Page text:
Have you read any books that were valuable throughout your entrepreneurial journey?
This is going to sound extremely cliche, but I HIGHLY recommend the Art of the Start by Guy Kawasaki to anyone thinking about starting their own business.
Let’s move onto fundraising. Where do you find potential investors and do you do cold introductions?
The first place that I look for potential investors is within my own network, which I’ve built through extensive networking.
Other than that I’m always looking on Angel List and Linkedin for investors that like to invest in our sector. In addition, there are funding platform such as Fundable, Angel Investment Network USA, and F6s, and Gust that I’ve had positive experiences with.
I think the most important thing that I can say regarding fundraising is that you have to be tenacious. Cast your net as wide as possible by targeting as many investors as you can that whose investment criteria matches your company.
I rarely do cold introductions.
I’ve found them to be successful a very low percentage of the time.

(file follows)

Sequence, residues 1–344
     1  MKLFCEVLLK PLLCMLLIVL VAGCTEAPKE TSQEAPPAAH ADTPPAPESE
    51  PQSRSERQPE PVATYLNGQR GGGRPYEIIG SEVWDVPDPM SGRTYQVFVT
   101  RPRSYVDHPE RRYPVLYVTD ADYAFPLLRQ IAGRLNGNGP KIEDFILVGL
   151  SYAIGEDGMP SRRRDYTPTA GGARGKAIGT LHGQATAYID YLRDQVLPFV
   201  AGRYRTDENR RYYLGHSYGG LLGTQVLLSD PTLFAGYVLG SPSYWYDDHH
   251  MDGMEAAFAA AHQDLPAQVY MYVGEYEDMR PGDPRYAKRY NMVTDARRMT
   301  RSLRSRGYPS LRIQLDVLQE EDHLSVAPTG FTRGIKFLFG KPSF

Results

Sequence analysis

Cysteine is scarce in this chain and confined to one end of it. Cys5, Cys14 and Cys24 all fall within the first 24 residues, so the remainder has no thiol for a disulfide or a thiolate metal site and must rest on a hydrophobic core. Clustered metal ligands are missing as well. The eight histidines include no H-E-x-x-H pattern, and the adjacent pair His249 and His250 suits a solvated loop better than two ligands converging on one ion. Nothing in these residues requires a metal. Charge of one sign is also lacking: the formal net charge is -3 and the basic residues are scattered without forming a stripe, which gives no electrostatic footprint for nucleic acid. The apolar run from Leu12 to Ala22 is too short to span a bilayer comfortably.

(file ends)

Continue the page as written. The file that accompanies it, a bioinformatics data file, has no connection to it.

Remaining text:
The most successful way to get connected with investors is by finding a mutual connection to introduce you. I always look on Linkedin to see if the investor is a second degree connection, and if they are I ask the mutual contact if they’d be willing to introduce me.
Most entrepreneurs are concerned with getting a high valuation for their startups. How do you ensure that the round you are raising is adequate?
In my opinion, valuations are a very inexact science. Honestly, the wrong valuation can ruin your company via a future “down round” if the valuation you’re given is too high.
When you start planning out your capital raise, you need to be confident that the amount of money you intend to raise will get you to a meaningful milestone that will raise the value of your company. If you’re unable to reach those milestones, then you’re likely going to undergo a “down round”, which would be detrimental to all of the company’s existing shareholders.
I always urge founders to go after “fair” valuations that make you feel like you could’ve gotten a little bit more. Having that contingency built in is always a good idea since it allows you to better protect your shareholders – which at the end of the day is the most important thing.
What is the plan for Twazer in the next few months and years?